first_imgNelson Mandela casting his vote in 1994. June 26, 2013 will mark 58 years since the Freedom Charter was adopted in Kliptown way back in 1955.(Images: Wikimedia)MEDIA CONTACTS • Mack LeweleDirector, communicationsDepartment of Arts and Culture+27 12 441 3083 or +27 82 450 5076Cadine PillayThis year, South Africa celebrates 19 years of freedom, with this freedom marked in April. It is vital that every South African – the apartheid survivors and the born-frees – know the history of the freedom struggle.Freedom Day is observed on 27 April, a national public holiday. On this day in 1994, the country held its first non-racial democratic elections that ended 300 years of colonialism, segregation and white minority rule, and established a new democratic government led by Nelson Mandela and the African National Congress (ANC).It is recorded in South African history as a day that paved the way towards a new democratic dispensation and a new constitution.The Freedom CharterAnother, earlier, milestone on the march to freedom in apartheid South Africa came in the form of the Freedom Charter, a unique document that allowed the people of South Africa to be actively involved in formulating their own vision of a different society. In it, the existing order of oppression and exploitation that dominated the 1950s was entirely rejected.The Freedom Charter was significant because it embodied the hopes and aspirations of black people in South Africa at that time. Its opening words became widely known and still hold a powerful position in South Africa’s political discourse: “We, the People of South Africa, declare for all our country and the world to know: that South Africa belongs to all who live in it, black and white, and that no government can justly claim authority unless it is based on the will of all the people.”It was first proposed at the annual assembly of the ANC in August 1953. Professor ZK Mathews formally suggested convening a Congress of the People to draw up a Freedom Charter.The idea was then adopted by the ANC’s allies, the South African Indian Congress, the South African Coloured People’s Organisation and the South African Congress of Democrats.In 1955, these allies sent out 50 000 volunteers into townships and the countryside to collect what they called “freedom demands” from the people of South Africa – this system was designed to give all South Africans equal rights.Demands such as sharing the wealth of the country and adequate housing, education, and health care for all were then synthesised into the final document by Congress of the People leaders including Mathews, Lionel Bernstein and Alan Lipman.‘The people shall govern’The Freedom Charter was officially ratified on 26 June 1955 at a Congress of the People meeting in Kliptown near Johannesburg. The meeting was attended by about 3 000 delegates but was broken up by police on the second day, although by then the charter had been read in full.The crowd had shouted its approval of each section with cries of “Africa!” and “Mayibuye!”, a Zulu word meaning “bringing back what was lost”. Over the next four decades, the charter came to represent ANC policies formulating basic demands for human and political rights that had been included in previous petitions.“South Africa belongs to all who live in it” and “All shall be equal before the law” are other well-known and oft-repeated declarations in the charter. It pledged to continue the struggle until a new democratic order was put in place, and called for democracy and human rights, land reform, labour rights, and nationalisation.After the congress was denounced as treason, the apartheid government banned the ANC and other parties, and arrested 156 activists, including Mandela. However, the charter continued to circulate in the revolutionary underground and inspired a new generation of young militants in the 1980s to join Umkhonto we Sizwe (MK).Translated as “spear of the nation”, Umkhonto we Sizwe was the armed wing of the ANC and was co-founded by Nelson Mandela in the early 1960s. MK soldiers took up arms against the apartheid government, both at home and in exile.On 11 February 1990, Mandela was finally freed and the ANC came to power in May 1994 after the elections that April. The new Constitution of South Africa, drawn up through multi-party talks between anti-apartheid groups and the government of the time, that began with Codesa (Convention for a Democratic South Africa) in December 1991, included in its text many of the demands called for in the Freedom Charter. Nearly all the concerns regarding equality of race and language were directly addressed in the Constitution.Non-racial, democratic electionsThe first non-racial election marked the end of years of struggle. It came after a tumultuous few years in the beginning of the 1990s. Liberation organisations were unbanned; political prisoners were released; exiles returned; negotiations and talks were held between previous foes, ending in the formal all-party negotiations in which an interim constitution was drafted.Though there were threats of political violence, the elections took place in a peaceful and festive atmosphere. They were contested by 19 political parties – a huge jump from the three main parties of apartheid South Africa, namely the ruling National Party, the official opposition Conservative Party (CP), and the Democratic Party (DP).The main parties in the election were products of political formations that were significant in the years leading to 1994. They include the ANC, Inkatha Freedom Party, the NP, the DP, the Pan Africanist Congress and the Azanian People’s Organisation.Know your rightsToday, the Bill of Rights is a cornerstone of democracy in South Africa as it protects the rights of all people in the country and upholds the democratic values of human dignity, equality and freedom. The country’s first bill of rights was restricted in chapter three of the transitional constitution of 1993, which was drawn up as part of the negotiations to end apartheid. The interim bill of rights, which came into force on 27 April 1994, was limited to civil and political rights.The current Bill of Rights, which replaced the interim one on 4 February 1997, retained all of these rights and added a number of new positive economic, social and cultural rights. The Bill of Rights is briefly summarised in the following statements:Equality: you cannot be discriminated against. But affirmative action and fair discrimination are allowed.Human dignity: your dignity must be respected and protected.Life: you have the right to life.Freedom and security of the person: you cannot be detained without trial, tortured or punished cruelly. Domestic violence is not allowed.Freedom from slavery, servitude and forced labour: slavery and forced labour are not allowed.Privacy: you cannot be searched nor have your homes or possessions searched.Freedom of religion, belief and opinion: you can believe and think whatever you want and can follow the religion of your choice.Freedom of expression: all people (including the press) can say whatever they want, subject to certain limitations including hate speech, incitement to violence, and propaganda that may lead to war.Freedom of assembly, demonstration, picket and petition: you can hold a demonstration, picket and present a petition, but you must do this peacefully.Freedom of association: you can associate with whomever you want.Freedom of political rights: you can support the political party of your choice, and if you are a citizen, and at least 18 years old, you can vote.Citizenship: your citizenship cannot be taken away from you.Freedom of movement and residence: you can travel in and live anywhere in South Africa.Freedom of trade, occupation and profession: you can do whatever work you choose.Labour relations: you may join trade unions and go on strike.Environment: you have the right to a healthy environment.Property: your property can only be taken away from you if the proper rules are followed.Housing: the government must make sure people get access to proper housing.Health care, food, water and social security: the government must make sure you have access to food and water, health care, and social security.Education: you have the right to basic education, including adult basic education, in your own language (if this is possible).Language and culture: you can use the language you want to and follow the culture that you choose.Cultural, religious and linguistic communities: communities can enjoy their own culture, practice their own religion, and use their own language.Access to information: you have the right to any information held by the government or another person, especially if the information is needed to protect rights.Just administrative action: actions by the government must be fair, and people who have been affected by unfair administrative action are entitled to a written explanation.Access to courts: you can have a legal problem decided by a court, or a similar structure.To protection: when arrested, detained or accused, and to a fair hearing.Children under the age of 18 have special rights, like the right not to be abused.A more detailed explanation of the Bill of Rights is available online.last_img read more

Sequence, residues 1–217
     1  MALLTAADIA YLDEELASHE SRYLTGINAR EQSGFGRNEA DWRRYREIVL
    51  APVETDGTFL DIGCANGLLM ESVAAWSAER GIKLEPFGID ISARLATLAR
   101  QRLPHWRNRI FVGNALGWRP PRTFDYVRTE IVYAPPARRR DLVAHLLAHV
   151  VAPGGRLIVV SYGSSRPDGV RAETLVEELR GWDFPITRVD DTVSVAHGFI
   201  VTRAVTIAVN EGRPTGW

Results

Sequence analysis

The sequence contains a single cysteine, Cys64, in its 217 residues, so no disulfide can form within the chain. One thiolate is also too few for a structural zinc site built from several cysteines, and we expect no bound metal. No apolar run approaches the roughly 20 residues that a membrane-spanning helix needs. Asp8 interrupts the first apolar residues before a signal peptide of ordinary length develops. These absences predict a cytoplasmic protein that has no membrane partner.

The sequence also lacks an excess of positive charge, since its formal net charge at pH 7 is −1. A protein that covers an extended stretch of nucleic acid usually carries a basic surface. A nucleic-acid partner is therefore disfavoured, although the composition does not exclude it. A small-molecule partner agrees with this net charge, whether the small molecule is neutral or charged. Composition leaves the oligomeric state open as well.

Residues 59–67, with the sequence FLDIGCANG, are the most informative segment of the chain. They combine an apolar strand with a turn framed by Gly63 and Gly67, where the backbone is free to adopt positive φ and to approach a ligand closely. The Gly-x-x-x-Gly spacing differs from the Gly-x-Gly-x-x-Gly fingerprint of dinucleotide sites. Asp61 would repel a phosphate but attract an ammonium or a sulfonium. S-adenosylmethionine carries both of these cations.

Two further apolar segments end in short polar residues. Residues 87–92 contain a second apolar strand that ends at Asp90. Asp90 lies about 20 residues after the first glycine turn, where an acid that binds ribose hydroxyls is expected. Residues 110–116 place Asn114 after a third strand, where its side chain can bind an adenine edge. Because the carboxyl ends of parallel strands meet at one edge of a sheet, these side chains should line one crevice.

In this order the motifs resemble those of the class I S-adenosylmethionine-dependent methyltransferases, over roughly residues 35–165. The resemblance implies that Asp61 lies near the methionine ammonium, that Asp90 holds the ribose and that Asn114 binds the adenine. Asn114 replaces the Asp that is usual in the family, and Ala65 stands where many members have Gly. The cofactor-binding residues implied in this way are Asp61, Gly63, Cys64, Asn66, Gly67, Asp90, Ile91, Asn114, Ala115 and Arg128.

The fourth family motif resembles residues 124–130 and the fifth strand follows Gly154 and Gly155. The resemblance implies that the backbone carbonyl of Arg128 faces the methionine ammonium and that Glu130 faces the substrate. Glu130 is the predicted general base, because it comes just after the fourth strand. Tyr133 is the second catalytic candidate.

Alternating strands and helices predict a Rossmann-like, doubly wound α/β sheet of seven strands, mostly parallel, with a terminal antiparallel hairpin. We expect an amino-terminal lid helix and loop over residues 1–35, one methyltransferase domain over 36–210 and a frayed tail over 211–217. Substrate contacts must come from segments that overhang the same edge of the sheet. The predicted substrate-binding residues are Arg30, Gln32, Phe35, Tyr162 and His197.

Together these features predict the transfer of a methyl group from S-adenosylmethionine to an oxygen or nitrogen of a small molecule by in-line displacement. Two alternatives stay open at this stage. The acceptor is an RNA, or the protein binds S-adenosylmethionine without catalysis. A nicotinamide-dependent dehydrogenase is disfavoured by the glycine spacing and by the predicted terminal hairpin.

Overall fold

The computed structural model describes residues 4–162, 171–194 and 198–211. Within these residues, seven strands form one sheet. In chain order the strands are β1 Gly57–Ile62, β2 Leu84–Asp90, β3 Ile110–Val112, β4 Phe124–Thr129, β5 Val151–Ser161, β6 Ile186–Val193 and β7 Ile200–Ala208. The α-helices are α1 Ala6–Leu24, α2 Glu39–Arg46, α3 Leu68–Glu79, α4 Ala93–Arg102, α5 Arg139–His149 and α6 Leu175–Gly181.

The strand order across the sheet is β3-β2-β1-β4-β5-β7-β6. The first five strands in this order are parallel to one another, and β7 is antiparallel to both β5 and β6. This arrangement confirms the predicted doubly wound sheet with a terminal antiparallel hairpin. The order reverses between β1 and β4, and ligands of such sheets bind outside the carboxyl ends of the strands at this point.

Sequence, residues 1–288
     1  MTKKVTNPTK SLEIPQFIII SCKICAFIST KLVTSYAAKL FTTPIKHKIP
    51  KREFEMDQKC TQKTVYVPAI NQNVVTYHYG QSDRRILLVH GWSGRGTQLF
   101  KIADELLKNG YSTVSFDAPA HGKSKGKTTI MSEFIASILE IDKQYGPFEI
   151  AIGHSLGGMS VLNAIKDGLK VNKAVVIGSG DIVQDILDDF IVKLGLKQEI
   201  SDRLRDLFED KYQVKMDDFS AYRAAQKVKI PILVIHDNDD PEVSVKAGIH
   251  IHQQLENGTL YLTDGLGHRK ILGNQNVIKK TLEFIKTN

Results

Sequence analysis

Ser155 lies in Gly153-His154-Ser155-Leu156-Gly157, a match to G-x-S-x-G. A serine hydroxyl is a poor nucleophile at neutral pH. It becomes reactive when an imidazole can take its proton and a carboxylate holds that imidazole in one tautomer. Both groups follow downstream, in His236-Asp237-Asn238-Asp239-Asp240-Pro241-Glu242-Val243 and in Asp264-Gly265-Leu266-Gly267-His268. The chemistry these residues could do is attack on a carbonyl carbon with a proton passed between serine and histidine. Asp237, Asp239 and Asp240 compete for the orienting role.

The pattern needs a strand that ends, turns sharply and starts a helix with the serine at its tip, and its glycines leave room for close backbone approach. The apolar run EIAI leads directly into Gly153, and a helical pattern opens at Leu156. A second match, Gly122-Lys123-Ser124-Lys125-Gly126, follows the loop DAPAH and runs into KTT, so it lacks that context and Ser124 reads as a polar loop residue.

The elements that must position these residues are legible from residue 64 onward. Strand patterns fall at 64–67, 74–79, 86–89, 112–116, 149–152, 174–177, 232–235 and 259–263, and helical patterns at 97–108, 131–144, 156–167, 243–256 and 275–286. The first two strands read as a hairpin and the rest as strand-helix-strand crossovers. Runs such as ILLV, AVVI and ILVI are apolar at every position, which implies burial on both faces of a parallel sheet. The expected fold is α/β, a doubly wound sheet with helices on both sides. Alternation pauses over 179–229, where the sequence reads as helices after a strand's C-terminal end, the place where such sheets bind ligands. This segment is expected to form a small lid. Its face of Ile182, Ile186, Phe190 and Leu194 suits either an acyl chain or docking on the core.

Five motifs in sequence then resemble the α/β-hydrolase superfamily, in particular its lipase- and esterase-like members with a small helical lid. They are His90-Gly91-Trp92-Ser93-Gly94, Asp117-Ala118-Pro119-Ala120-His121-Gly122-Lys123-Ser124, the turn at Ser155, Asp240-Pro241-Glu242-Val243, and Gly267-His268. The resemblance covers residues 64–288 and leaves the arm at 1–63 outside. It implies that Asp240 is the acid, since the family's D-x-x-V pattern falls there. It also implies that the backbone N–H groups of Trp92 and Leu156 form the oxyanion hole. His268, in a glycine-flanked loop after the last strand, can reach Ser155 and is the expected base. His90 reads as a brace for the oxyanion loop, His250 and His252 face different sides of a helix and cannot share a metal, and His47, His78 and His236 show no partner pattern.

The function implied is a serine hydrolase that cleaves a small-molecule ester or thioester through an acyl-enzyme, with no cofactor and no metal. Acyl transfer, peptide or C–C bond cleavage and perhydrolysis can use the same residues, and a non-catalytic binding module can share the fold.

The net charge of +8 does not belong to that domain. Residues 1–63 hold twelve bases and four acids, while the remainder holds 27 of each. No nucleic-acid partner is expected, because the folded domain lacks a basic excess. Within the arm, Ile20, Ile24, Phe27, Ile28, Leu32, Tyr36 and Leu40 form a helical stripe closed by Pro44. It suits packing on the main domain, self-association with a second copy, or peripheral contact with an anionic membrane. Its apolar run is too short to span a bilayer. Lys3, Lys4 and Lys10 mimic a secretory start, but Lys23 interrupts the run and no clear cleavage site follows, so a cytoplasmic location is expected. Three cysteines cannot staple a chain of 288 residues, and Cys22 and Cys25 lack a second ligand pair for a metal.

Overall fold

Test Your Green Readiness — Part 1